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Full of his bliss, and following her dark eyes
Felt earth as air beneath me, till I reach'd
The wicket-gate, and found her standing there.
There sat we down upon a garden mound,
Two mutually enfolded; Love, the third,
Between us, in the circle of his arms
Enwound us both; and over many a range
Of waning lime the gray cathedral towers,
Across a hazy glimmer of the west,
Keveal'd their shining windows : from them clash'd
The bells ; we listen'd ; with the time we play'd;
We spoke of other things ; we coursed about
The subject most at heart, more near and near,
Like doves about a dovecote, wheeling round
The central wish, until we settled there.
Then, in that time and place, I spoke to her,
Requiring, though I knew it was mine own,
Yet for the pleasure that I took to hear,
Requiring at her hand the greatest gift,
A woman's heart, the heart of her I loved;
And in that time and place she answer'd me,
And in the compass of three little words,
More musical than ever came in one,
The silver fragments of a broken voice,
Made me most happy, lisping "I am thine."
Shall I cease here 1 Is this enough to say
That my desire, like all strongest hopes,
By its own energy fulfill'd itself,
Merged in completion 1 Would you learn at full
How passion rose thro' circumstantial grades
Beyond all grades develop'd 1 and indeed
I had not staid so long to tell you all,
•But while I mused came Memory with sad eyes,
Holding the folded annals of my youth;
And while I mused, Love with knit brows went by,
And with a flying finger swept my lips,'
And spake, "Be wise: not easily forgiven
Are those, who setting wide the doors, that bar
The secret bridal chambers of the heart,
Let in the day." Here, then, my words have end.
Yet might I tell of meetings, of farewells—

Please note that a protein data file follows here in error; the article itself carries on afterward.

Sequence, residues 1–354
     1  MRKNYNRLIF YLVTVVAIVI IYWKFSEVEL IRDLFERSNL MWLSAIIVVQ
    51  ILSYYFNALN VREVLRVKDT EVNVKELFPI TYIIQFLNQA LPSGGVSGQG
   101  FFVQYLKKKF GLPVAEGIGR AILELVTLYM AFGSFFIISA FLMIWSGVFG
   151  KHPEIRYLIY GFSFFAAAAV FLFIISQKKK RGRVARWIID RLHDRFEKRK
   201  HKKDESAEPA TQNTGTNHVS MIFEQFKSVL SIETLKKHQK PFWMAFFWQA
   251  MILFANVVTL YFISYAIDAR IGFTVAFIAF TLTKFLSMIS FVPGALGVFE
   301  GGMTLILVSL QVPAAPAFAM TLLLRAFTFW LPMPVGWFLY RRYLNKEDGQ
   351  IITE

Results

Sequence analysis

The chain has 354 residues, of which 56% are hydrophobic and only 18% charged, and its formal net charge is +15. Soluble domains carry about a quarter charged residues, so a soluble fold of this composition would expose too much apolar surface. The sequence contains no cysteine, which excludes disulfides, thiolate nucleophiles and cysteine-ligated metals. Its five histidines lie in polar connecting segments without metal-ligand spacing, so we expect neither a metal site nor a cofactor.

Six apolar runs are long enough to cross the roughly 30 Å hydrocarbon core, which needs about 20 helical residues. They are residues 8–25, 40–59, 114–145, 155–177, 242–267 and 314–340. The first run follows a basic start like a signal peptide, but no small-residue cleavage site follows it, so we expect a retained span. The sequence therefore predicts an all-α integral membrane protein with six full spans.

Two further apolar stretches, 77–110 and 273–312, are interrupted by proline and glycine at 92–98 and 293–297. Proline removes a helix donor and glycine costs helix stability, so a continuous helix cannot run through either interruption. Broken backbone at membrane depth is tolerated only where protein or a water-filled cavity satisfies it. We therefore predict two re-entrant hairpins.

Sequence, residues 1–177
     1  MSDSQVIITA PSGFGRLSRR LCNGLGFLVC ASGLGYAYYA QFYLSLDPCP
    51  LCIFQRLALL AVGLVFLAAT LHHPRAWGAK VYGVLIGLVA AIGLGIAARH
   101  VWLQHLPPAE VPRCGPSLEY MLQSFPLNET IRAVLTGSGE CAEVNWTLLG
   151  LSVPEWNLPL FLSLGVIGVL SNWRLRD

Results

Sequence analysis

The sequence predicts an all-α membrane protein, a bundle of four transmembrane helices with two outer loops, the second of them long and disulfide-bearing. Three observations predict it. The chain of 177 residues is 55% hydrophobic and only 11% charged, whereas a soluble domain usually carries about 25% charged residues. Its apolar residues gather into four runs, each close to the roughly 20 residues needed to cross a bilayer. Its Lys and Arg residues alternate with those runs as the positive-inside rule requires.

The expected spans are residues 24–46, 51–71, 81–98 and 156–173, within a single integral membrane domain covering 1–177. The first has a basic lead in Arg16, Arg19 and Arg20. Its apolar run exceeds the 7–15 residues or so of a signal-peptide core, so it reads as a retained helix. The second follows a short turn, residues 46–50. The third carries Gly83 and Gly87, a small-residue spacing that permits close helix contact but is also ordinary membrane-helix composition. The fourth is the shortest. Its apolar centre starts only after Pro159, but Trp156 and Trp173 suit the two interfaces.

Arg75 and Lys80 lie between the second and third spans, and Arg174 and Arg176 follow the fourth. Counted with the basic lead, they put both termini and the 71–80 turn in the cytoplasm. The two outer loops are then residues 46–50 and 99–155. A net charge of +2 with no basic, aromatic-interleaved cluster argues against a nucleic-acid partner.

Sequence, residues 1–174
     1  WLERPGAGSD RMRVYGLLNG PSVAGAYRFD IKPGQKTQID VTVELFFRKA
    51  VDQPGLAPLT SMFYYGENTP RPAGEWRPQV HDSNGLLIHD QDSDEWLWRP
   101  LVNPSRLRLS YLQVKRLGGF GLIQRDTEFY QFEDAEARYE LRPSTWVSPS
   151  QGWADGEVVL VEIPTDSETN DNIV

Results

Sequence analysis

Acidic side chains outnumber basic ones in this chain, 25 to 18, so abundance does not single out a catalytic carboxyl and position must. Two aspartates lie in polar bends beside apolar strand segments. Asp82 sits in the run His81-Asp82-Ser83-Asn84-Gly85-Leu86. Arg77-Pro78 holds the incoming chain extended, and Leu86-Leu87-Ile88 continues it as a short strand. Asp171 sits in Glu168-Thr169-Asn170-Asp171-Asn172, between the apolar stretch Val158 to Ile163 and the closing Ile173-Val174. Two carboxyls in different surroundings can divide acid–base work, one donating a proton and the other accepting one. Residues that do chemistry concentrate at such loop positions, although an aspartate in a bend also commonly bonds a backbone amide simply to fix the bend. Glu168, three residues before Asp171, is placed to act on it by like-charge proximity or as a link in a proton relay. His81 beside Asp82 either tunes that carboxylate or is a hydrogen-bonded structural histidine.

Of that which came between, more sweet than each,
In whispers, like the whispers of the leaves
That tremble round a nightingale—in sighs
Which perfect Joy, perplex'd for utterance,
Stole from her sister Sorrow. Might I not tell
Of difference, reconcilement, pledges given,
And vows, where there was never need of vows,
And kisses, where the heart on one wild leap
Hung tranced from all pulsation, as above
The heavens between their fairy fleeces pale
Sow'd all their mystic gulfs with fleeting stars;
Or while the balmy glooming, crescent-lit,
Spread the light haze along the river-shores,
And in the hollows; or as once we met
Unheedful, though beneath a whispering rain
Night slid down one long stream of sighing wind,
And in her bosom bore the baby, Sleep.
But this whole hour your eyes have been intent
On that veil'd picture—veil'd, for what it holds
May not be dwelt on by the common day.
This prelude has prepared thee. Raise thy soul
Make thine heart ready with thine eyes: the time
Is come to raise the veil.
Behold her there, As I beheld her ere she knew my heart, My first, last love ; the idol of my youth, The darling of my manhood, and, alas! Now the most blessed memory of mine age.
With farmer Allan at the farm abode
William and Dora. William was his son,
And she his niece. He often look'd at them,
And often thought "I'll make them man and wife."
Now Dora felt her uncle's will in all.
And yearn'd towards William ; but the youth, because
He had been always with her in the house,
Thought not of Dora.
Then there came a day
When Allan call'd his son, and said, "My son;
I married late, but I would wish to see
My grandchild on my knees before I die:
And I have set my heart upon a match.